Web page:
4- Maintain configuration consistency across hosts in a single cluster. Yes, another one that every know about but only few pass the test for. Trying to maintain consistency in hosts configuration manually can be challenging. How many of you can tell if NTP configuration, Default Gateway/DNS, firewall settings, port groups settings, attached LUNs to every host in your vSphere cluster is consistent at all times. Unless you have a very small environment, it can be challenging specially with all the changes that being carried out over time. I would highly recommend two things to stream line the process. First use automated tools to help you audit consistency. Host Profiles, vCenter Configuration Manager, & even a self written Power Cli script can be great tools to report on any inconsistency or changes against your desired configuration. Second tip is to ensure that you have a mechanism on place that limit continuous undocumented changes to the environment, a well laid out Change Control Process can definitely help.

5- Utilize VMware HA Priorities. Trust me when VMware has introduced this feature, it was included for a good cause. Imagine that you have 60 VMs per host(Yes I have seen much higher numbers out there!) and that host fail, could you guarantee that all the VMs on that host are created equal and you don’t care which one start first & which one will be facing the longest downtime and starting last. If you are not comfortable with that fact, then you better start utilizing VMware HA priorities to ensure your critical VMs start first. One thing to remember here that VMware HA still does not respect vAPP start orders. Another misconception that I have been seeing lately that some customers assume that VMware HA respect Resource Pools shares. Just because your resource pool shares has been setup to high, it does not mean HA will start its VMs before another resource pool that has its share setup to low. Resource pools shares setting are only to prioritize VMs from resources perspective when there is resource contentions, but it has nothing to do with HA priorities.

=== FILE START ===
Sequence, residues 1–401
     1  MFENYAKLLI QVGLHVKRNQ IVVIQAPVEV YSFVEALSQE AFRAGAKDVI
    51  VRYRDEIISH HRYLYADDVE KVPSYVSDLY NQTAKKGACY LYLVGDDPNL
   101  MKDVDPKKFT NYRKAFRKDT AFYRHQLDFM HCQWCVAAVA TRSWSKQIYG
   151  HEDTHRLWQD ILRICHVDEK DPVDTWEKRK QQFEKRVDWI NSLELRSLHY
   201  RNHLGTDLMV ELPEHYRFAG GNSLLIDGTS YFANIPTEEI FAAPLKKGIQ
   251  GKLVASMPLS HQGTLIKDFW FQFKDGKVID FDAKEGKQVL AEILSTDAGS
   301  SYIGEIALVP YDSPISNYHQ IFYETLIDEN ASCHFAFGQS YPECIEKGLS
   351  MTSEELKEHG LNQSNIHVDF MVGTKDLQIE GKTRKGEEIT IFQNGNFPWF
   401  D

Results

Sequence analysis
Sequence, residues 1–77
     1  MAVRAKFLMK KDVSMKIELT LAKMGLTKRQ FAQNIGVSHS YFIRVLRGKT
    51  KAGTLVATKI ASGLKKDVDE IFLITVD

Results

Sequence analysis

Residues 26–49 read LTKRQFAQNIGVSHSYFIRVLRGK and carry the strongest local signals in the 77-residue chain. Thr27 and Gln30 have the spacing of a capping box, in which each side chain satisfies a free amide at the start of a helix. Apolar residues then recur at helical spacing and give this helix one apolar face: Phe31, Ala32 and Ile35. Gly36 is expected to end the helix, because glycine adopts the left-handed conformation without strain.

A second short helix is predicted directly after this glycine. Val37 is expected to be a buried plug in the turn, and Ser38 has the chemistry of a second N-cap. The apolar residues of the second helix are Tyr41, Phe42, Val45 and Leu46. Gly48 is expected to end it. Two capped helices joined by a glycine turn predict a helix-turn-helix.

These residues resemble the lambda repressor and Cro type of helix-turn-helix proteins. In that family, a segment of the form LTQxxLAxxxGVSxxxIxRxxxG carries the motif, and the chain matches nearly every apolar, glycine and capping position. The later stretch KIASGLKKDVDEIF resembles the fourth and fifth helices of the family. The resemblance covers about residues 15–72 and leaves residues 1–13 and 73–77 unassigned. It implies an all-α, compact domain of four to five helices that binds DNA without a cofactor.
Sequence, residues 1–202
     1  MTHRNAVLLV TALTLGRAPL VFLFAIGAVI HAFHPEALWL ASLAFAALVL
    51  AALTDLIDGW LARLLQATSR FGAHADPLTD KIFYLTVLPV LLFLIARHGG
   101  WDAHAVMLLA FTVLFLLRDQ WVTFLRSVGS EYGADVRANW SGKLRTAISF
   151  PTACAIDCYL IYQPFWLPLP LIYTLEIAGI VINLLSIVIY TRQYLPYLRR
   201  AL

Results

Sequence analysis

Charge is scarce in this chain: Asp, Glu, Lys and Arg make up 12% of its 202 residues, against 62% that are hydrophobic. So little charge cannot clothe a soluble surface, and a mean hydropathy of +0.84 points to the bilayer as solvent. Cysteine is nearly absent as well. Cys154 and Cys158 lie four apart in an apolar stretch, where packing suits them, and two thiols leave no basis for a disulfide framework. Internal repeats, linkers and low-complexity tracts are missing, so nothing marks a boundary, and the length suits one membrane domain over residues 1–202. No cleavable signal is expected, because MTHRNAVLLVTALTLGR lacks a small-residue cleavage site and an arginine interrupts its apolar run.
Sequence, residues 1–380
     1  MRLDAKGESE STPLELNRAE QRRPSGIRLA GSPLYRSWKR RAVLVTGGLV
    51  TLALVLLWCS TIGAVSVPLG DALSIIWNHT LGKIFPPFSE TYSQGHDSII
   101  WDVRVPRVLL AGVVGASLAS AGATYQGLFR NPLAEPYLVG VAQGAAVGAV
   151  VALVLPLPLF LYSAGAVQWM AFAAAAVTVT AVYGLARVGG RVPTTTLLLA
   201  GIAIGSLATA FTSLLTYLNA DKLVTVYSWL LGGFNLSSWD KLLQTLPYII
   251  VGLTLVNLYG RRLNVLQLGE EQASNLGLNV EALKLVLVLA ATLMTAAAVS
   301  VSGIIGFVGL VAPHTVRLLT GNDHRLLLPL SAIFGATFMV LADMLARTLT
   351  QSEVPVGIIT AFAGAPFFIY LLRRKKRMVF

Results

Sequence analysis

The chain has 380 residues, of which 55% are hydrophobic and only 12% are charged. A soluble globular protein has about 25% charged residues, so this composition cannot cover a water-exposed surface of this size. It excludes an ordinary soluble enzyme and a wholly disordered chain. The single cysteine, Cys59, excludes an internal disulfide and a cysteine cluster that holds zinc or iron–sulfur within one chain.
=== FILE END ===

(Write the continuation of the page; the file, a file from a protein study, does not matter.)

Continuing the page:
I hope those tips will be useful to many of you out there, & will give you something to think about on Monday Morning. I would love to hear your feedback and see which one of the above you missed. It will be kind of you to share such info in the comments area below. You can comment anonymously if you feel like it!


  1. RE: #4 : Another great (and super easy) tip to help maintain host configuration consistency: export every setting to a spreadsheet using RVtools. This makes it easy to scan the rows of host config settings to find anomalies.

  2. Thanks Paul for the great Tip 🙂

  3. Wow.Great tips. I was missing the last tip.

    Thanks again. request to give us many more like this.